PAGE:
TOLMIDES (ToAAu'Srys), an Athenian general, who in b. c. 455 persuaded the people to send him with a fleet to cruize round the Peloponnesus, arid ravage the enemy's country. If we may believe Diodorus, 1000 men were voted to him, to be se­lected by himself; but he first prevailed on 3000 to join him as volunteers, by assuring them that he meant at any rate to name them for the service, and, having thus secured these, he proceeded to act on the vote of the assembly, and chose 1000 more. In his expedition he burnt the Lacedae­monian arsenal at Gythium, took Chalcis, a town of the Corinthians, and disembarking on the Si-cyonian territory, defeated the troops that came against him. According to Diodorus, he had pre­viously captured Methone, which, however, by the arrival of Spartan succours, he was soon obliged to relinquish. He also took Naupactus from the Ozo-lian Locrians, and settled there the Messenians, who had been besieged and recently conquered by the Lacedaemonians at Ithome. After the return of Tolmides to Athens, we hear of his leading Athenian settlers (itXypovxoi) to Euboea and Naxos; and in b. c. 447, when the Boeotian exiles had returned and seized Chaeroneia and Orchomenus, he proposed that he should, be sent at once with a body of volunteers to quell the rising. Pericles objected in vain to the expedition as hasty and ill-timed, and Tolmides, having carried his point, marched into Boeotia with 1000 Athenians and some allied troops, and took Chaeroneia, where he left a garrison. But near Coroneia he fell in with a force consisting of the Boeotian exiles who had gathered together at Orchomenus, some Lo­crians and Euboean exiles, and others of the same party. A battle ensued, in which the Athenians were utterly defeated, and Tolmides himself was skin. (Thucyd. i, 103, 108, 113 j Diod. xi. 84,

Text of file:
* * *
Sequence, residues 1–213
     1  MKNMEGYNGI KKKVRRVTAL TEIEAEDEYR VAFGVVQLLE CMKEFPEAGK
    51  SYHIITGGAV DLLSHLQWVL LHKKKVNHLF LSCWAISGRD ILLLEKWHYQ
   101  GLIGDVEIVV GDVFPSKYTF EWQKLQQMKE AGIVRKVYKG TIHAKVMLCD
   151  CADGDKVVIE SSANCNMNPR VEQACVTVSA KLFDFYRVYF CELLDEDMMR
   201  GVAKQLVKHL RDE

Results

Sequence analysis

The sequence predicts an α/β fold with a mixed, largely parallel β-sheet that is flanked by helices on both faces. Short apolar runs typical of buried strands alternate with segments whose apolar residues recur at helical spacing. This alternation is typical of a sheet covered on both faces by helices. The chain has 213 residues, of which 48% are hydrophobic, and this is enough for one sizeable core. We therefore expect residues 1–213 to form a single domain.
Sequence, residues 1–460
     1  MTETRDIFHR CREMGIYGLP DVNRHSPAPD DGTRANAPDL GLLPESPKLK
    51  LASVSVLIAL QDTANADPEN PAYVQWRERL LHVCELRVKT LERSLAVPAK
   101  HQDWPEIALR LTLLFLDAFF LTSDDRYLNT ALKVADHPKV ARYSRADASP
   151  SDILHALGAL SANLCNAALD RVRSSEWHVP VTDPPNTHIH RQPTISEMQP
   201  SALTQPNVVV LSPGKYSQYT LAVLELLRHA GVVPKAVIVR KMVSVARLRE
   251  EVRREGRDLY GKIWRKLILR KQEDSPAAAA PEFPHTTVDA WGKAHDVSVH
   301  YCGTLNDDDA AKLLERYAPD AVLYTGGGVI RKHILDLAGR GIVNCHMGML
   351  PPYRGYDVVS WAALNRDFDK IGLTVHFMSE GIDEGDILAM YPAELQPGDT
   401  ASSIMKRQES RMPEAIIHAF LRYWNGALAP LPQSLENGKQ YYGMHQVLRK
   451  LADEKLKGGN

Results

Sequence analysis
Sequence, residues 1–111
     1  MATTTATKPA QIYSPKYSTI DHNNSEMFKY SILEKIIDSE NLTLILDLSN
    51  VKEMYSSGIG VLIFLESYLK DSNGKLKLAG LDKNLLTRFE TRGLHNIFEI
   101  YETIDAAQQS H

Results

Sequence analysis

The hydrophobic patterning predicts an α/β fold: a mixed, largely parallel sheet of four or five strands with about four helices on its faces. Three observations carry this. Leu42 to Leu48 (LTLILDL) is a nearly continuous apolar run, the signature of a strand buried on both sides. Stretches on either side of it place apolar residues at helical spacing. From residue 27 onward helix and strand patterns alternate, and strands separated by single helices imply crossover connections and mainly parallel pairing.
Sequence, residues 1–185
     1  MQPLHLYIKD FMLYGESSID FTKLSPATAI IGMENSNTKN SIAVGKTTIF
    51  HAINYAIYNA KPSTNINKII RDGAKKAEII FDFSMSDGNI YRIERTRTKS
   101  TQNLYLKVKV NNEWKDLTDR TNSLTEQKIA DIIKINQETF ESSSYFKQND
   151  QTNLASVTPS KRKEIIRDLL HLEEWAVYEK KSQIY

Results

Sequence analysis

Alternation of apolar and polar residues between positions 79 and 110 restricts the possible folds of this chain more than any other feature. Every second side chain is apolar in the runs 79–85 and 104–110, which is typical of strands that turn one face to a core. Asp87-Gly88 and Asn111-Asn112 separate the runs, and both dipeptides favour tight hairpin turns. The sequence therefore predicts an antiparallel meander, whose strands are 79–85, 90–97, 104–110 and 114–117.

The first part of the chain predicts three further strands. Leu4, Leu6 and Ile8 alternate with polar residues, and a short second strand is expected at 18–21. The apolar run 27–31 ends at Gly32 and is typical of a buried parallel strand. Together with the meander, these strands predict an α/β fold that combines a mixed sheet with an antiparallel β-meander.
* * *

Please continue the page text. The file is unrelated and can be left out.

85, xii. 6 ; Aesch. de Fals. Leg. p. 38 ; Pans. i. 27 ; Plut. Ages. 19, Per. 16, 18.) [E. E.]